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Please use this identifier to cite or link to this item: http://hdl.handle.net/1807/31275

Title: The Role of Retinal Limb Position on the Use of Visual Feedback during Manual Aiming Movements
Authors: Kennedy, Andrew
Advisor: Tremblay, Luc
Department: Exercise Sciences
Keywords: motor control
aiming movements
Issue Date: 12-Dec-2011
Abstract: Vision is important for the control of upper limb movements (Woodworth, 1899). How and when vision is used during a limb movement continues to be debated. In this thesis, I examined the use of visual feedback as a function of retinal limb position. Individuals made rapid upper limb aiming movements to a target location and vision was provided when the limb was at varying degrees of retinal eccentricity. The temporal characteristics, endpoint accuracy and precision, as well as the spatial variability of the limb trajectories were recorded and analyzed. No relationship was observed between retinal limb positions and the use of visual feedback during the movements. These results suggest that the use of vision during limb movements is not directly tied to the neuroanatomy of the eye and challenges continuous models of upper limb control.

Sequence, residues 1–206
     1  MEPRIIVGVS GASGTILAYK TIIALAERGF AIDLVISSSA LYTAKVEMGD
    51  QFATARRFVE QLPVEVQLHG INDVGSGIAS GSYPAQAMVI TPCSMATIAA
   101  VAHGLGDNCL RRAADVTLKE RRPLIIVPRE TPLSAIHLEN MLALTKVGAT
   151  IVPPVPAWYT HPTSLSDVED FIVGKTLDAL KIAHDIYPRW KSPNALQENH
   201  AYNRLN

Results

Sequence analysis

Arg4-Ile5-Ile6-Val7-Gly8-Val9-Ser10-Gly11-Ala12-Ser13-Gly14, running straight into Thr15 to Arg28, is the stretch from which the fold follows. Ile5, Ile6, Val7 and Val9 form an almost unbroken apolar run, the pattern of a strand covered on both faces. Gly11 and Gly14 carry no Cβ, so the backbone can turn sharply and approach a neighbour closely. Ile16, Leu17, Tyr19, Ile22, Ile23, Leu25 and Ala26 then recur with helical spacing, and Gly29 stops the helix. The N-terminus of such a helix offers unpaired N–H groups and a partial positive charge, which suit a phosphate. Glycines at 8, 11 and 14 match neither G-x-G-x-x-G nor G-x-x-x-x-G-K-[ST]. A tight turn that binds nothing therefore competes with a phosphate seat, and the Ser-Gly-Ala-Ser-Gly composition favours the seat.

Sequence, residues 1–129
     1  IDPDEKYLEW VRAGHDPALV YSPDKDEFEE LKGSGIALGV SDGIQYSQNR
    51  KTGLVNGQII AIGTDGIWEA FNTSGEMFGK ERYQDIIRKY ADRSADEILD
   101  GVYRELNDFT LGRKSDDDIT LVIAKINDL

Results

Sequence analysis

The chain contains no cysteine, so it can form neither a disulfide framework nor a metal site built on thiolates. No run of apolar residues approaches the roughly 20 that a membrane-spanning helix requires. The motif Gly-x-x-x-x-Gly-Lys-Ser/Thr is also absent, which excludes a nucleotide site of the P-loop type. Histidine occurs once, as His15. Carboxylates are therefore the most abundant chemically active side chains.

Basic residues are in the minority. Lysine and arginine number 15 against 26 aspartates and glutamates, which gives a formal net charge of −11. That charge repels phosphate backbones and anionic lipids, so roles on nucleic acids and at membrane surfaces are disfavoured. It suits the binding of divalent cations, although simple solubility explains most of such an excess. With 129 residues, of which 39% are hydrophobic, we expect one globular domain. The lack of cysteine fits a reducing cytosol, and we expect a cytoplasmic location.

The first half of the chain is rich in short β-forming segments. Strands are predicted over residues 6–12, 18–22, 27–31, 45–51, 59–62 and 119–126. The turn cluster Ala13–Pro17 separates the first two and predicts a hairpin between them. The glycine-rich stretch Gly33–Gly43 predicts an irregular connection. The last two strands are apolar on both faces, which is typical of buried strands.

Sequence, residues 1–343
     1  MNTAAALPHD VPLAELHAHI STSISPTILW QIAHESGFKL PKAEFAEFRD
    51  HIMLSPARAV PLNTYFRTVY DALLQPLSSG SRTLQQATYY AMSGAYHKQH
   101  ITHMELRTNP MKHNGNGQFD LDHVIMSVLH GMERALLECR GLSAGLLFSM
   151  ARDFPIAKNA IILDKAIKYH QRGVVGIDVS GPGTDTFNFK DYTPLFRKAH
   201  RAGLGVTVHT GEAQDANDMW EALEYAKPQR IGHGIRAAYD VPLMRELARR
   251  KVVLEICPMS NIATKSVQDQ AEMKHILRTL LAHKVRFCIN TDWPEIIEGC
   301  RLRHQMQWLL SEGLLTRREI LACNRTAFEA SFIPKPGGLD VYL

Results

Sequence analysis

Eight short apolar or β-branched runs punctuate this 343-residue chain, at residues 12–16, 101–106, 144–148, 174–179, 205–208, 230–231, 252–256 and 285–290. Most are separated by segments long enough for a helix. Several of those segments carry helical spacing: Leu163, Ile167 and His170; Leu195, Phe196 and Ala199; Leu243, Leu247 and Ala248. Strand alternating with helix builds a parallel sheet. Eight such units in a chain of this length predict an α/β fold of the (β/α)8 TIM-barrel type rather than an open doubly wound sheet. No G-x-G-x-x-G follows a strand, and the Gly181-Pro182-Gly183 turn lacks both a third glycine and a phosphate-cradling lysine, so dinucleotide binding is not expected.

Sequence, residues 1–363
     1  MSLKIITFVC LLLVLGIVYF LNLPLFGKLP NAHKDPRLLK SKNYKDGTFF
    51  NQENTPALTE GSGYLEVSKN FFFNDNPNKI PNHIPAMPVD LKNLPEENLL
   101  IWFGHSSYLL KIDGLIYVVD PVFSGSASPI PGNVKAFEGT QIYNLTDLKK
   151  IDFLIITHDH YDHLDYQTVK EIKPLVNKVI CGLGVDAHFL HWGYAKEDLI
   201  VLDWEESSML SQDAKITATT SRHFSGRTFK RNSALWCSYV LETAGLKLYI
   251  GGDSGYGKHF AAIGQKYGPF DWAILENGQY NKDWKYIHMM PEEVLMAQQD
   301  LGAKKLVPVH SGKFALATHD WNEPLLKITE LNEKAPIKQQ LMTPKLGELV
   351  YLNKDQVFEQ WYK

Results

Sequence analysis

URI: http://hdl.handle.net/1807/31275
Appears in Collections:Master

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